Saturday, December 6, 2008

December Special Feature: A Christmas Carol by Charles Dickens

The beloved Christmas classic, A Christmas Carol, is the first of many Christmas themed books we will feature during the month of December.

First published in December 1843, this is the story of an old and bitter miser named Ebenezer Scrooge who undergoes an amazing and profound transformation after being visited by three spirits.

A Christmas Carol deals with two themes commonly found in Dickens's work: social injustice and poverty. Bob Crachit, who works for Mr. Scrooge, is paid a meager salary working long hours to support his large family. His youngest boy, known as Tiny Tim, is crippled, and is sure to die without proper medical attention. Contrast the Crachits' life versus Scrooge's wealth, and one would be sure that Scrooge is better off. But the Crachit family is thankful for what they have and the love and support they offer each other puts them way ahead of Scrooge in the happiness and contentment category.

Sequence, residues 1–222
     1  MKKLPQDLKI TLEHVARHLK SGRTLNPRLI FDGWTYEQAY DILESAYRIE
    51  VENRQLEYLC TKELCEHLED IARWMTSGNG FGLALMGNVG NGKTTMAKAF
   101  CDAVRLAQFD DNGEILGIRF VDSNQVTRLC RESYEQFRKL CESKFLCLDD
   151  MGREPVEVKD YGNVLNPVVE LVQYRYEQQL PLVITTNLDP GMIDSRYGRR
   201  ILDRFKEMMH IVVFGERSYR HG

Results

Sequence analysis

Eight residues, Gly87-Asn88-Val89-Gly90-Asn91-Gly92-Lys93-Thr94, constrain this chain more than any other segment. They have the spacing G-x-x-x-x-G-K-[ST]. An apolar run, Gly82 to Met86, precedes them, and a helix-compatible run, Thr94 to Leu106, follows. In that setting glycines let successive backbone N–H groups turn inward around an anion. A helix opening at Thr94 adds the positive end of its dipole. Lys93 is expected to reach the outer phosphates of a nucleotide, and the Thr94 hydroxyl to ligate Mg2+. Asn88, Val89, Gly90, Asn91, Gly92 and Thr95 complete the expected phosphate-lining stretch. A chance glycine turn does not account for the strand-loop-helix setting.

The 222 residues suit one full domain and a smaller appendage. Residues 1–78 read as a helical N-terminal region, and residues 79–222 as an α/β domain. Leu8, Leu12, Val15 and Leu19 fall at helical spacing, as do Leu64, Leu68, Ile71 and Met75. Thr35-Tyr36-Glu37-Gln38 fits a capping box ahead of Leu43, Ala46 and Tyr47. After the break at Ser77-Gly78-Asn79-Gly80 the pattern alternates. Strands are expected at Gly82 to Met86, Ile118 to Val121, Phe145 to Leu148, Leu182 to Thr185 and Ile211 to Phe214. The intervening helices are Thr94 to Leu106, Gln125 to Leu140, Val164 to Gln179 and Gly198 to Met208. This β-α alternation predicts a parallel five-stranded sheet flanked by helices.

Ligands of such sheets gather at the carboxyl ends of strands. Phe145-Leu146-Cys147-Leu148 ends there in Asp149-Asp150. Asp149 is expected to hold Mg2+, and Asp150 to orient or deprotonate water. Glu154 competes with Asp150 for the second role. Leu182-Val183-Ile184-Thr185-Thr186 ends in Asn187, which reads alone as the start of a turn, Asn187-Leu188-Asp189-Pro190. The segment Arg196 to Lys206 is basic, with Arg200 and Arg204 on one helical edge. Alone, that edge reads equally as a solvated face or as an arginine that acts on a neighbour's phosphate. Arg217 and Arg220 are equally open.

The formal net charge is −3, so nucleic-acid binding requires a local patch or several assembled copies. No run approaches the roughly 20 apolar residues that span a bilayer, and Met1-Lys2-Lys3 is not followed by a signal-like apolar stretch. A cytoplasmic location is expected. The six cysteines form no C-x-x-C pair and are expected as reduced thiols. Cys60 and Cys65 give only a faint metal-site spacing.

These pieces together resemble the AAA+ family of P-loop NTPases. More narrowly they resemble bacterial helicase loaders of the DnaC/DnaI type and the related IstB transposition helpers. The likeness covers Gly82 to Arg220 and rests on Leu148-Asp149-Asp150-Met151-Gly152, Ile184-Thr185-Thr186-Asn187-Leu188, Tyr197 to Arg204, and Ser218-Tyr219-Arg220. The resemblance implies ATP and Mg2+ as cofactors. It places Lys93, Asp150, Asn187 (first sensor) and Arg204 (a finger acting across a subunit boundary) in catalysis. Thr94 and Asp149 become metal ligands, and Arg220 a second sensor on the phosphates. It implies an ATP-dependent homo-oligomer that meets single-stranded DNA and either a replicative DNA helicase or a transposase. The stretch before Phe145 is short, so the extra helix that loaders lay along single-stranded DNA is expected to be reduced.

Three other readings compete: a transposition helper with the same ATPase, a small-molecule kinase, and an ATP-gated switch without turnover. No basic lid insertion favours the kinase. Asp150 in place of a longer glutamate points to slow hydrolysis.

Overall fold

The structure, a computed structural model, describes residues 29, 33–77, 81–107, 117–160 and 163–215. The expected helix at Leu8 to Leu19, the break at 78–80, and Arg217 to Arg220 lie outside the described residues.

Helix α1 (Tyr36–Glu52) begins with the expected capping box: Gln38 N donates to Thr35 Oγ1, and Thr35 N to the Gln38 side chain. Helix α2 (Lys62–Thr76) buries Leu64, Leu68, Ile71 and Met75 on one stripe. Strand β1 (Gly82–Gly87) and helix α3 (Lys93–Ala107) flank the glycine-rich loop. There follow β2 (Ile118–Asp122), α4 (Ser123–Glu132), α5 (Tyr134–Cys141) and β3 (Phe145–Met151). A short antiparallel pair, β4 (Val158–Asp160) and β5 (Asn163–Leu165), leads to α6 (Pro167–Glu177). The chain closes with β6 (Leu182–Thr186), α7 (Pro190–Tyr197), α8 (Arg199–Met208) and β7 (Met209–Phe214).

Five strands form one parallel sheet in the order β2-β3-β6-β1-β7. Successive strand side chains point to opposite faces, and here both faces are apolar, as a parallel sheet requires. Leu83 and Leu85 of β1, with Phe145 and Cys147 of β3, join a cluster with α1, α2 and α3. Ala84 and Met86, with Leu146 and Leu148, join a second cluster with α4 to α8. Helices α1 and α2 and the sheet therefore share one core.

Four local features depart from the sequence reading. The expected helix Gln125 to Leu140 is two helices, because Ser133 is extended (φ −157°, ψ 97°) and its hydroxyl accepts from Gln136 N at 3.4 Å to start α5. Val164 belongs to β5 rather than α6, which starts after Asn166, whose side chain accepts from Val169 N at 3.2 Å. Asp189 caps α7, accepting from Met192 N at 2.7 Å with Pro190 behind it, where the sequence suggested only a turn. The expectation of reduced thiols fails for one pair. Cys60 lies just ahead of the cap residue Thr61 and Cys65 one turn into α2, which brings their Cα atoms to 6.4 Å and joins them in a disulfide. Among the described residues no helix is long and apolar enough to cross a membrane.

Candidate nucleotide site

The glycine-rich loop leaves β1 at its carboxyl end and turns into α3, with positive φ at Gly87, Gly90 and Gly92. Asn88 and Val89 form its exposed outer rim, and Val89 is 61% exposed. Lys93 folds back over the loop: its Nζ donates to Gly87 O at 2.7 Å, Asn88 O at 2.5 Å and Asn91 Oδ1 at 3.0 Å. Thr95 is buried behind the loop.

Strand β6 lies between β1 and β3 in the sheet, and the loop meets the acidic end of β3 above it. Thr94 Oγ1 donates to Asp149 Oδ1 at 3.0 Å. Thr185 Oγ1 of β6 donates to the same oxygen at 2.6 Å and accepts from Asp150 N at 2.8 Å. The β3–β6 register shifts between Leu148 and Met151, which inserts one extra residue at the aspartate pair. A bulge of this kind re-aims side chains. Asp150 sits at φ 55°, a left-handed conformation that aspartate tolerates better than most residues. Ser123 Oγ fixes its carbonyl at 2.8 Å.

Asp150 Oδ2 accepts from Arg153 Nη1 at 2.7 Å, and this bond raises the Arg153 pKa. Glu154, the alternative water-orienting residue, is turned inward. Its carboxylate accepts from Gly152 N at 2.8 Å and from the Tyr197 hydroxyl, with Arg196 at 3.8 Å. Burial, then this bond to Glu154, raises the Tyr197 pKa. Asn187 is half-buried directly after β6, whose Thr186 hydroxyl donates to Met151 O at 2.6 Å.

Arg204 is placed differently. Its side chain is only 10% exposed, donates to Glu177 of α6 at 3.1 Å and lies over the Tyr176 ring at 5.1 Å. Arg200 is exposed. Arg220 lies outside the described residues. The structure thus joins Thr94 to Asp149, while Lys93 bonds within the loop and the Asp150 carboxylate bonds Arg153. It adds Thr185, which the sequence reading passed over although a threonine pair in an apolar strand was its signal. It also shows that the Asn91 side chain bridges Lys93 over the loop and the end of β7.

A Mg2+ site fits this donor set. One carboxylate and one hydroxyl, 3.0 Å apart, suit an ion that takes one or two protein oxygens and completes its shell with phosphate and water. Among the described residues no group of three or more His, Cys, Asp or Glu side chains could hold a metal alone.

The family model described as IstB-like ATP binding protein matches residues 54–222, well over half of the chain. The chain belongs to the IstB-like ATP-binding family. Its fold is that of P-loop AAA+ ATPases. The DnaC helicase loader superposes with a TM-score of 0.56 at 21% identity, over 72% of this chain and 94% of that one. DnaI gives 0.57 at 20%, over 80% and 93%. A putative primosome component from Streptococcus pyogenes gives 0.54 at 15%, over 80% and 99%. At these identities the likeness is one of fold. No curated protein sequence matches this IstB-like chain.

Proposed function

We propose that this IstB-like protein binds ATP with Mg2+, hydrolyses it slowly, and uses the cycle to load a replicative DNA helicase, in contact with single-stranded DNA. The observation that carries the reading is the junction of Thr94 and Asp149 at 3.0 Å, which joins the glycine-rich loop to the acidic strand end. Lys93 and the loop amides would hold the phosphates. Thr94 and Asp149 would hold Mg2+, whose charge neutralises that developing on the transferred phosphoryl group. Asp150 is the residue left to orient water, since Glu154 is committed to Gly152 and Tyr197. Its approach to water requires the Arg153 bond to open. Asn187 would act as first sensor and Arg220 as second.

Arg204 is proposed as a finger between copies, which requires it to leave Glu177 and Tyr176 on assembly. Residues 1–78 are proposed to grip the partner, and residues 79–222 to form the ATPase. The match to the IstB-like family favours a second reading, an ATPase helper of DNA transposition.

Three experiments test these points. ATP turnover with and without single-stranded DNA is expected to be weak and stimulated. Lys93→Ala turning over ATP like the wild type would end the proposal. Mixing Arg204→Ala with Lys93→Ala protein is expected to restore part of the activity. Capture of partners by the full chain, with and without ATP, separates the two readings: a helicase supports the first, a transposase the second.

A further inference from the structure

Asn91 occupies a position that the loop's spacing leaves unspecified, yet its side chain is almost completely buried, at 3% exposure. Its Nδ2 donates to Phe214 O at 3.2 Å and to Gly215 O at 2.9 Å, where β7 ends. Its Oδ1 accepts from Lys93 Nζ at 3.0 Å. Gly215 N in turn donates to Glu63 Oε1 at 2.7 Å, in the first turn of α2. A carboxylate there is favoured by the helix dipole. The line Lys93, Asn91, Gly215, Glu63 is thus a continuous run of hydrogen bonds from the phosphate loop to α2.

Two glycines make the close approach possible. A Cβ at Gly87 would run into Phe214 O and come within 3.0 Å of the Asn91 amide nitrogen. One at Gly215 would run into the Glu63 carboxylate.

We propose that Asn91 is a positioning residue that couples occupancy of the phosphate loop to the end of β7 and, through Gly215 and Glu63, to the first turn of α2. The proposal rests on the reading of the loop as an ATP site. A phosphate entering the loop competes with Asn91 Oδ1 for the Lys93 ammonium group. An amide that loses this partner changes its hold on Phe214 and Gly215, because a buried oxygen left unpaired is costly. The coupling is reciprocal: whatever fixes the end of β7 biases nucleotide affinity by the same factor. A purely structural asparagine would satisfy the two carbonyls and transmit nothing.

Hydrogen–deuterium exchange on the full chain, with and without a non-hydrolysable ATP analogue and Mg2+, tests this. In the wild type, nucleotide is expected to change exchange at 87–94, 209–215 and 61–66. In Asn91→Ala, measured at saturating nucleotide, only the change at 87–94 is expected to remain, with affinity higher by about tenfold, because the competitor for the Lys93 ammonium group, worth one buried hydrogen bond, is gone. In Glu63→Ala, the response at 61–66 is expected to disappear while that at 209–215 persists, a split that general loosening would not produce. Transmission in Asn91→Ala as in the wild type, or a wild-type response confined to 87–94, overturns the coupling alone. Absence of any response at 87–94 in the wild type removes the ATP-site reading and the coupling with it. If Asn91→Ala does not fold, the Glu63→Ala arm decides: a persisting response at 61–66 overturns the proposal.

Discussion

The appearance of Marley's ghost is perhaps the most disturbing scene--especially when it is captured on film. Jacob Marley was Scrooge's business partner who has just died when the book opens. He has come to help his friend change his ways, for now he knows the cost of sins against humanity. Marley's warning, and the Ghosts of Christmas Past, Christmas Present, and Christmas Yet to Come turn Scrooge into a new man, and the reader rejoices in his miraculous transformation.

A Christmas Carol has been brought to film many times with John Carradine, George C. Scott, and many other fine actors playing the role of Ebenezer Scrooge in various versions. The book has also been adapted for animated television using Mr. Magoo, The Muppets, and even The Flintstones, to name a few. And it looks like there might be a 2009 animated version staring Jim Carrey as the voice of Scrooge and all three Ghosts.

My favorite version remains the 1999 TNT production staring Patrick Stewart (Star Trek the Next Generation).

Please feel free to share your thoughts on this Christmas classic.

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